The Van Gogh Wars | Part 3: The Olive Picking (1889) Belonging To Holocaust Escapees Ends Up In Greek Shipping Magnate Museum
On December 15th, just two days after the filings by descendants of Paul Mendelssohn-Bartholdy, the heirs of Hedwig Stern filed for a return of The Olive Picking (1889) by Vincent van Gogh.
The seemingly unrelated climate protests of splashing liquids on Van Gogh paintings are worth noting here, in that the olive trees depicted in his artwork had one of their worst fruiting years in history in 2022.
It is an oddly fitting metaphor for the dispute between the Greek shipping company’s Mediterranean wealth and the stolen legacy of the Nazism’s destruction. No one wins.
This is a continuation from Part 1 and Part 2.
As a result of the September 1935 Nuremberg Laws, Hedwig Stern lost her German citizenship. She and her husband Fritz fled Nazi rule in their home city of Munich the following December, without her beloved art collection, which included Olive Picking, or La cueillette des olives (1889) by Vincent van Gogh. Her attorney, Kurt Mosbacher, was ordered to liquidate her property, and Olive Picking was among the inventories.
With Hedwig and her family safe in Berkeley by January 1937, the legal filings assert that Mosbacher facilitated the sale of the Van Gogh and another Renoir painting through Thannhauser Gallery to a German art collector, Theodor Werner. Thannhauser gallery had once been run eponymously by a Jew, but had been taken over for these kinds of sales. Justin Thannhauser had known Hedwig Stern personally, and the buyer, Theodor Werner. The money from the sale (55,000 Reichsmarks) was transferred into an account under their name, but the Sterns never saw the profits again. By 1939, any property under their name was formally confiscated.
In 1948, Thannhauser himself was able to bring Olive Picking to New York, where he sold it to Vincent Astor that year. Astor, New York socialite royalty, was the inheritor of his father, John Jacob Astor IV, who had died on the Titanic in 1912.
The documents state that the art collector Theodor Werner, who had bought Olive Picking during the war, returned another work by Gustave Courbet originally belonging to Hedwig Stern in 1955. As the Van Gogh painting had already been sold, presumably he may not have been able to retrieve it on their behalf.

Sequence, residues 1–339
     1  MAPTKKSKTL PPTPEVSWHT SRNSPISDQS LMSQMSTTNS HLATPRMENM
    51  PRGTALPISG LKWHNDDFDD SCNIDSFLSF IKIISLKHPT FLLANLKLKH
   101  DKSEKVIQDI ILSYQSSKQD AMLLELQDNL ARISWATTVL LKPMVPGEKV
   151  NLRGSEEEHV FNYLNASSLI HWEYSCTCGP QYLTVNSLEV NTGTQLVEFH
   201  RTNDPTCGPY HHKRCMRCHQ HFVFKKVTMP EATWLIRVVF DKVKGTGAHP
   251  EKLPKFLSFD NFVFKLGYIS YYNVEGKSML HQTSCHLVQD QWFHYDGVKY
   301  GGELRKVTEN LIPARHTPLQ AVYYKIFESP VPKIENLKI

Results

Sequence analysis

In 1956, Vincent Astor sold Olive Picking to the Metropolitan Museum of Art.
As of a New York Senate ruling in September 2022, a plaque must be included on any artwork with Holocaust provenance in a New York museum, whereas the 1950s had no such precedent, and the painting was held without issue for decades.
Nevertheless, the lawsuit alleges that the Metropolitan Museum of Art’s Theodore Rousseau was one of the world’s foremost experts on Nazi art looting, having been an esteemed Monuments Officer in the U.S. Army during World War II tasked with returning precious works of art. Before he died the following year, they believe Rousseau approved the 1972 sale of the painting with a conscious disregard for its origin with Hedwig Stern. The amount of the transaction is still not known.
The 1972 purchase was by Basil and Elise Goulandris, Greek shipping tycoons who hold the painting under a non-profit organization called the Basil & Elise Goulandris Foundation that hosts exhibitions in Athens and Andros, Greece. A representative responded with a comment previously printed: “To date, the Basil & Elise Goulandris Foundation has not been officially informed on any action related to what is indicated in your email, therefore we cannot comment on it.”
Hedwig Stern has nine descendants included in the lawsuit. Their lawyer, Robert Kohn, could not be immediately reached for comment.
The link between this case and that of the latest filed by the heirs of Paul Mendelssohn-Bartholdy just two days prior is not overt at first, but it dates back to their older suit regarding his Picassos. These Picasso artworks were also sold by Thannhauser Gallery during the fire sales of the Nazi era. Thus, if those heirs were working on a deep dive into the sales records, it is very possible they were able to successfully assist those for Stern. However, this information could not be formally confirmed.
Yet another Vincent van Gogh painting, Meules de blé, sold for $35.5 million at Christie’s New York in November 2021, but only after negotiations within the house between the Rothschild heirs (Jewish Nazi victims) and its current owner.
All of these cases have their origins in the 2006 precedent set by Maria Altmann, the inheritor of her aunt Adele Bloch-Bauer, and the stunning deceased woman’s portrait made by Gustav Klimt in 1918. The then-anonymously heralded Woman in Gold was repatriated to Altmann’s family from the Belvedere Museum in Austria, ultimately sold to Ronald Lauder for $135 million and displayed permanently at the Neue Galerie.